Karma Campers are outdoorsy, adventurous people. You want to camp like Banff locals, wake up to beautiful views, and explore off the beaten path. That’s why you always ask us: “Can you stay anywhere overnight in Banff?”
Yes and no. We wrote an entire blog post about the rules of boondocking, free camping, and dry camping in the Canadian Rockies.
The short answer is no, Parks Canada only allows RVs and tents in designated campgrounds. Technically, though, there are places where you can disappear for the evening without anyone noticing. Read that blog post for all the details.
Here, we’ll break down the best official places to park your van for the night. The hidden gems are worth the trek, but the following spots are safe bets!
Try your hand at urban camping
Karma Campervans look like regular vehicles, so you can get away with streetside overnight parking in the town of Banff if you’re up for the hustle and bustle of the popular Rocky Mountain destination. One perk to an impromptu urban “campsite”: You’ll wake up close to the coffee and morning treats this way. There is typically a 12 hour limit to street parking in Banff unless otherwise indicated.
Other good options are parking lots and rest stops along the highway in Banff National Park. Lake Louise has lots of overnight overflow parking in both free and paid lots. Don’t just pull onto the shoulder of the highway for the night. You need to find a designated parking lot.
When urban camping, always check for signs—in parking lots, you’re typically good for the night if there aren’t any signs prohibiting overnight parking.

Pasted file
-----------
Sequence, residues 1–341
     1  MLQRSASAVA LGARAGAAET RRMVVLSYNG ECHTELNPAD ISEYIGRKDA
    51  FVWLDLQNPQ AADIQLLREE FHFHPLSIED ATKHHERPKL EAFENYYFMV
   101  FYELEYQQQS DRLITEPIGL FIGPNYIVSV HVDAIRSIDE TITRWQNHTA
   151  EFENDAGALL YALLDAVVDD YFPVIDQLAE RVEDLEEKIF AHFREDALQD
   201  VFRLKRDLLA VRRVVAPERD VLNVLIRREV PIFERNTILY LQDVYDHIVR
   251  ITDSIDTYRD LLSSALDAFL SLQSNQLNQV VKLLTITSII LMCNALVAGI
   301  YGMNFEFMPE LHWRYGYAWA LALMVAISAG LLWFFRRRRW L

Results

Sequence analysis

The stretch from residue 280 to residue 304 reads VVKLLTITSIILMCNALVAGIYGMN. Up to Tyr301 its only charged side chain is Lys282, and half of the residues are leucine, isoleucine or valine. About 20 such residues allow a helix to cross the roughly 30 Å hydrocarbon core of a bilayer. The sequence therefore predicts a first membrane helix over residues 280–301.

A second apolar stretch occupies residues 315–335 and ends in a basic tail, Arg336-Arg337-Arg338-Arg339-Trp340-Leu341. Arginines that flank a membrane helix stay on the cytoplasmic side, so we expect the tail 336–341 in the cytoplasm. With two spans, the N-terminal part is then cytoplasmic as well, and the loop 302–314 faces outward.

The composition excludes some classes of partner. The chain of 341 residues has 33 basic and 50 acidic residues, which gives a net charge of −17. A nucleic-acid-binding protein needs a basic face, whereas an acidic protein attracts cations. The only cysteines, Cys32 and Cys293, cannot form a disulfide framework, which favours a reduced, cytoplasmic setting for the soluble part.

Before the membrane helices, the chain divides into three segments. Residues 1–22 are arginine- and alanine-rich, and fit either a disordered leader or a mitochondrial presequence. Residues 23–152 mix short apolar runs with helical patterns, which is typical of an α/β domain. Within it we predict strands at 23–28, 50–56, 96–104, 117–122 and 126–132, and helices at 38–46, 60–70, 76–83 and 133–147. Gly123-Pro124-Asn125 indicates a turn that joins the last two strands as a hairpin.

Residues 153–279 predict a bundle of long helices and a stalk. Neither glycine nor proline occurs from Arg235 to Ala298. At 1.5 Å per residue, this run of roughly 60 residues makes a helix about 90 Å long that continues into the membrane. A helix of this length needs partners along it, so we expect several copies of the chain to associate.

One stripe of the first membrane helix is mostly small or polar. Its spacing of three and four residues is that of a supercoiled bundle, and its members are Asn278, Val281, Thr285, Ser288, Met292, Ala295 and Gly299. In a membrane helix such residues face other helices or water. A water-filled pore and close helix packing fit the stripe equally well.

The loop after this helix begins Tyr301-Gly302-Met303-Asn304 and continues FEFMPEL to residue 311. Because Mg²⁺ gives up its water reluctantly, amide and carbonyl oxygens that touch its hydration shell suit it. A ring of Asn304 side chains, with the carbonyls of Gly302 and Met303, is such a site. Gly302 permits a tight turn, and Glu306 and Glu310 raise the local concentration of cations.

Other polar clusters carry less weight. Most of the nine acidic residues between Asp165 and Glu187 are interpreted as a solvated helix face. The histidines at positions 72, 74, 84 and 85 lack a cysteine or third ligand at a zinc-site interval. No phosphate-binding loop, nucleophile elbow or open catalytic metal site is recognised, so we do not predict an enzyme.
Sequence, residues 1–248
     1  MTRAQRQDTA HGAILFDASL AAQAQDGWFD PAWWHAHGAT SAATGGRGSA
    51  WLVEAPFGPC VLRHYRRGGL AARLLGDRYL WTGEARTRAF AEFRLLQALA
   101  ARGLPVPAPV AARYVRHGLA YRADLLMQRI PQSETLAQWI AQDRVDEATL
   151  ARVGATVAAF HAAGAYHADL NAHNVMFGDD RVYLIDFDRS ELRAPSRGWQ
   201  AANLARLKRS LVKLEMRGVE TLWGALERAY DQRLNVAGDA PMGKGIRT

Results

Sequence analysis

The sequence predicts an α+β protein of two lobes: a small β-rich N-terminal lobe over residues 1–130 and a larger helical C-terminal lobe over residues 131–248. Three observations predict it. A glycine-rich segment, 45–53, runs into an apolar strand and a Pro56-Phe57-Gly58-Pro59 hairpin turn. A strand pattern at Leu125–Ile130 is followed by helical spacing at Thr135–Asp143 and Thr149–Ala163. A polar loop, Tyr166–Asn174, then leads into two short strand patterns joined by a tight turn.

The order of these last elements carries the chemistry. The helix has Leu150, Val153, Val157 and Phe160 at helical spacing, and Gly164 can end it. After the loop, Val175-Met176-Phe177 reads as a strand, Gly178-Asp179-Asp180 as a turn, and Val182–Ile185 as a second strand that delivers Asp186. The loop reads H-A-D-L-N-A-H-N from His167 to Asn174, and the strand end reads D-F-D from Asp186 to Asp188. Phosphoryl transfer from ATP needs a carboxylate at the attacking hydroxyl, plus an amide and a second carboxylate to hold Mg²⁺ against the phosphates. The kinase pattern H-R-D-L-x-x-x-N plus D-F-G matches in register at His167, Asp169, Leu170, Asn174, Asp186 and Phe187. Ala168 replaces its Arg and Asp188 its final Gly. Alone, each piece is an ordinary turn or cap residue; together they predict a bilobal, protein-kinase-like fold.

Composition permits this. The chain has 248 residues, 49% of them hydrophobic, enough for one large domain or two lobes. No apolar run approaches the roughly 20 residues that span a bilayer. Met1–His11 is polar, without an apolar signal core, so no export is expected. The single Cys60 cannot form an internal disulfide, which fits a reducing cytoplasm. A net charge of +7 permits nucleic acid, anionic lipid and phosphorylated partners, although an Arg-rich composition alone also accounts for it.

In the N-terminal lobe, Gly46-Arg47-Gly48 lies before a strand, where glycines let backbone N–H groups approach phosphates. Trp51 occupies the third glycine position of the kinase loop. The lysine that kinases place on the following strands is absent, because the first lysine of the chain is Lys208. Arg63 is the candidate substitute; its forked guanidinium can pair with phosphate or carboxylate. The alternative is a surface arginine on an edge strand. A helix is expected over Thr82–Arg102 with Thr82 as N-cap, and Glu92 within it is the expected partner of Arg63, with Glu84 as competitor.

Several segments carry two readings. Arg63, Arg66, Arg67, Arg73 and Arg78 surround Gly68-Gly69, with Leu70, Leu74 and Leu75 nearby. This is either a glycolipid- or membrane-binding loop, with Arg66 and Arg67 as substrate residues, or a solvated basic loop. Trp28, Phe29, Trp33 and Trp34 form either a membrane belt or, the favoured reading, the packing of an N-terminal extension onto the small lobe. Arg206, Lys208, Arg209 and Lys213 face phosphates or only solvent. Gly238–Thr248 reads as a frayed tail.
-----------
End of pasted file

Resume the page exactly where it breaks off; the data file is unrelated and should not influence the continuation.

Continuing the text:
Check out the Banff RV Guide for a map and parking tips.
Choose a Parks Canada campground
Parks Canada offers plenty of great, affordable campsites in Banff National Park. Many of the campgrounds below have space for campervans with a range of amenities and service hookups.
- Two Jack Lake
- Tunnel Mountain
- Johnston Canyon (coming soon!)
- Castle Mountain
- Protection Mountain
- Lake Louise
- Mosquito Creek
- Silverhorn Creek
- Waterfowl Lakes
- Rampart Creek
Check the Parks Canada website for current availability and booking. Some campsites have a no reservation policy, so you don’t need to worry if you’re winging it on your road trip. Just show up early to claim a first-come, first-served spot. We suggest arriving right at 3pm, which is when you can check in. All Parks Canada campgrounds take payment via VISA, Mastercard, American Express, Debit and Cash. Self-check in requires exact change or credit card.
Camping alternatives near Banff
If Banff’s available campsites don’t appeal to you and you aren’t ready to try your hand at boondocking in the wild, check out the area surrounding the park. The small town of Canmore, for example is nestled along the Trans Canada Highway just a few minutes from Banff. It’s so close that visitors often bike between the two towns!
Another option: Kananaskis Country. This Provincial Park is a fan favourite where the foothills meet the rocky peaks.
Alternatively, choose a turnoff or rest area along the Trans Canada or Icefields Parkway to park your van for the night. Lots of campers break up their trip between Lake Louise and Jasper in one of these parking lots. Just don’t overstay your welcome here as they aren’t technically meant to serve as campgrounds.
Above all, respect the locals of the Rockies: don’t park a Karma Campervan in residential areas or where signs forbid overnight stays.
Enjoy Banff’s beautiful views
Everyone needs to explore Banff National Park at least once in their life. There’s so much to do and see in this beautiful destination, especially in the summer months!
The views alone should be enough of a reason to add Banff to your bucket list. Then there’s camping, of course. Hiking, mountain biking, canoeing, stand up paddleboarding, whitewater rafting, kayaking, fishing, or just driving through the winding mountain roads. When visiting anywhere in Alberta, Travel Alberta is a good resource for activity suggestions and camping information.
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